Monday, July 08, 2013

Re-Entry Adjustment #2: Guns in the Strangest Places

Note to self: We're not in Kansas anymore.

Actually, I've never been to Kansas, but I'm sure it is lovely. And they probably have a few guns lying around. Where I have been is Taiwan, and although they seem to love guns--toy ones mostly--very few people actually have them. Not even all of the police have them, from what I can tell. Sure you'll see military guys once in a while with machine guns, but they are mostly guarding stuff.

The other day when I went to the hospital there was a little boy standing in the doorway with a toy assault rifle that made all kinds of shooting and exploding sounds while lighting up and shooting sparks. He was pointing it and firing at everyone who walked by or entered the hospital. No one gave him a second look. I've also had a third-grader run into the room where I was working and point a toy pistol (very real looking) directly between my eyes and pull the trigger. When I brought these incidents up to local folks, they couldn't understand why they bothered me.

One thing to remember about Taiwan is that they are not technically at peace with mainland China, so a lot of the youth have to mandatory military duty. Maybe this accounts for why parents don't seem to have a problem with letting their kids play with toy guns. It might also be because there doesn't seem to be much gun violence. In the ten years I've been here I've seen numerous horrific mass gun murders in the US, Canada, and Europe. I've also seen stories about the drug war in Mexico. I don't recall any stories about shootings in Taiwan, other than when someone shot the president, and that was with some kind of home-made gun. I'm sure it happens, but it is rare and the mass murders that seem to be getting more common in the West just don't seem to occur here.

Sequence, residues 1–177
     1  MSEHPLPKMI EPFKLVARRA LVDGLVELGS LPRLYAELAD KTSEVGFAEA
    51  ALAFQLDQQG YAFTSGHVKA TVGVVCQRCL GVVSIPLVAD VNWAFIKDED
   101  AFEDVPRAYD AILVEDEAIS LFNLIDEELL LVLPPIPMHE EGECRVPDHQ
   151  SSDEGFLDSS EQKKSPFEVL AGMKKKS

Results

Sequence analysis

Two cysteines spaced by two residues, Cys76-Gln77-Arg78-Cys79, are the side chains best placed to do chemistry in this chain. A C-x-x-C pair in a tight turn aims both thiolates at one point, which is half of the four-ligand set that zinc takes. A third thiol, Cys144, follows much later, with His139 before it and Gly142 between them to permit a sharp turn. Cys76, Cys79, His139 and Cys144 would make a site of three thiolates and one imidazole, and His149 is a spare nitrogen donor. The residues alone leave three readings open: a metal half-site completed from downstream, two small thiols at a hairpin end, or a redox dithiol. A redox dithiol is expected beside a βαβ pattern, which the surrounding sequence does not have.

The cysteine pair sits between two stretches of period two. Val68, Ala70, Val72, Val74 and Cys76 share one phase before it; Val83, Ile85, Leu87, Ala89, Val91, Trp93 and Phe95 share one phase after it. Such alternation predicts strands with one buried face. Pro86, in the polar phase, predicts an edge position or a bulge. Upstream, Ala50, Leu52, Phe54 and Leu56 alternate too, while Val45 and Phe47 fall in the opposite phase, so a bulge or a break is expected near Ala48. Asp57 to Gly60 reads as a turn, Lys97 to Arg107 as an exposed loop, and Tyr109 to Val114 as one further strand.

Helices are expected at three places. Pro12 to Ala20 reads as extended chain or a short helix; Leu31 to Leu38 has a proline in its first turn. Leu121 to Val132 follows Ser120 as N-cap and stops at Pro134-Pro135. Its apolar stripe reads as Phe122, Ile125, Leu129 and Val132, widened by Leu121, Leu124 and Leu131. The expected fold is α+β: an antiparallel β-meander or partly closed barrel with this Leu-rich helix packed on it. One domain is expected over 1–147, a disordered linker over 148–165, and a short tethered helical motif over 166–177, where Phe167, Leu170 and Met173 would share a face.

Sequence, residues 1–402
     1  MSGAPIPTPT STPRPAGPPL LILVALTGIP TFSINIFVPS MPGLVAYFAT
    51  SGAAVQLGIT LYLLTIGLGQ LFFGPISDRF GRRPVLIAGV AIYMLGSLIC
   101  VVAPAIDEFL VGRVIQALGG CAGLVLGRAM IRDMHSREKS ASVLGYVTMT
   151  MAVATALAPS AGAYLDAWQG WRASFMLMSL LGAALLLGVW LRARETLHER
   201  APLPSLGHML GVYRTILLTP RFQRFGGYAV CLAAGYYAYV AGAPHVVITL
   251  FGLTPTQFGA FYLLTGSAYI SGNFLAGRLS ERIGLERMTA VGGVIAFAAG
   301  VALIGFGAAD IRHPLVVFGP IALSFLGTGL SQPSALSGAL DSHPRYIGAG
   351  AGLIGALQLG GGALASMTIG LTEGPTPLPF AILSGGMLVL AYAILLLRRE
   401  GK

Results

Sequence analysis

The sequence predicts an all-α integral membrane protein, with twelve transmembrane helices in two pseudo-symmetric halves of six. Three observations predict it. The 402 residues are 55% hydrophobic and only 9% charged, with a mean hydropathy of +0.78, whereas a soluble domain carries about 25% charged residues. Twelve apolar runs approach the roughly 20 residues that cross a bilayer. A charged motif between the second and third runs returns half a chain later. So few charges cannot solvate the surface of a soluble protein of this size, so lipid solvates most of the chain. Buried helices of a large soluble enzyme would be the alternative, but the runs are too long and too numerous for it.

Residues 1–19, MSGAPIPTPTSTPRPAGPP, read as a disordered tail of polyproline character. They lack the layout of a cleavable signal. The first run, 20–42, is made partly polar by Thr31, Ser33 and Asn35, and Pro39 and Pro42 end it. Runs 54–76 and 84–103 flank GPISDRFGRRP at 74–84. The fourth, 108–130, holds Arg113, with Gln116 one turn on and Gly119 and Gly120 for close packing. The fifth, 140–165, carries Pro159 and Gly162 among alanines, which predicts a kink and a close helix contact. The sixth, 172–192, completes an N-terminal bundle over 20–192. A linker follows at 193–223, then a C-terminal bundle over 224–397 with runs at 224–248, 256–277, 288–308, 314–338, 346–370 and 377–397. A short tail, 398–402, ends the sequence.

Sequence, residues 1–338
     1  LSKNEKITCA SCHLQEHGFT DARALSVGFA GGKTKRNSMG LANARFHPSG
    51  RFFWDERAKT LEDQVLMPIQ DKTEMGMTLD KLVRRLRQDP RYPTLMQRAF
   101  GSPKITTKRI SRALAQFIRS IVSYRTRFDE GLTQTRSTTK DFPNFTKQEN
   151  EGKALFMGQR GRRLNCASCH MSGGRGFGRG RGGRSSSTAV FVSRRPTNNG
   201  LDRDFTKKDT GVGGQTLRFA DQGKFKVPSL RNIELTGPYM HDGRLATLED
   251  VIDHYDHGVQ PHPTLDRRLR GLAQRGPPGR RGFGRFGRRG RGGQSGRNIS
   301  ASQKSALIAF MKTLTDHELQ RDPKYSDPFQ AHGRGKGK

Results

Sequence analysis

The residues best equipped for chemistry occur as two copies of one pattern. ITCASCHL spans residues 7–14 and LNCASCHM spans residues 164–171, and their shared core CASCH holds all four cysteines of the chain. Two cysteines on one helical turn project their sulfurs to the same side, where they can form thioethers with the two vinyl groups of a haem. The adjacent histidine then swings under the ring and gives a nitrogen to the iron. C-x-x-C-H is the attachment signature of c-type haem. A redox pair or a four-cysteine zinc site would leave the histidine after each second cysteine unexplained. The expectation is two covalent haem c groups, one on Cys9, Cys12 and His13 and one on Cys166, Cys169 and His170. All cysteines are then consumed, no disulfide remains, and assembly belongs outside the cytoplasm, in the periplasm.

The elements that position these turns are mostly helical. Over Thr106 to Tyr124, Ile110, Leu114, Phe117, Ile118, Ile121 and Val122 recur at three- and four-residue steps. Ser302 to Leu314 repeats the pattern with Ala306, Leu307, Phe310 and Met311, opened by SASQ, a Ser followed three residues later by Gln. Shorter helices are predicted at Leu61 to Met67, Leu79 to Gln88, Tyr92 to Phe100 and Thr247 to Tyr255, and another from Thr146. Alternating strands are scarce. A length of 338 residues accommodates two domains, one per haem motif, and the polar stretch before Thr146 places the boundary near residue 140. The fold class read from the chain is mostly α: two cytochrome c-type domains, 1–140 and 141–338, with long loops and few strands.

My views on guns are that I like them. They are fun to shoot and they make you feel pretty powerful when you have them (especially when others don't have them). On the other hand, I don't feel that comfortable when others have guns around me. Guns can stop being fun very quickly depending on where you are in relation to who has them. One night I was waiting at a bus stop in downtown Seattle at around midnight when some crazy street kid came out of nowhere and pointed a rifle in my face. The randomness and suddenness of how one's life can be snuffed really hit home that moment as I thought about how I was about to become just another statistic. That incident ended well, all things considered, as I wasn't murdered in cold blood by a gun wielding maniac. But it could just as easily have ended with me dead or permanently maimed.

I guess my point is that a lot of things are fun, but that doesn't mean people should have them and as a society we tend to be okay with regulating them. So I have no problem with the idea of legislation that makes it difficult to own and carry firearms as they are no different from other dangerous objects that are regulated. If there is a difference, it is that they more obviously should be controlled because they are intentionally designed to kill.  So them there are my views on guns.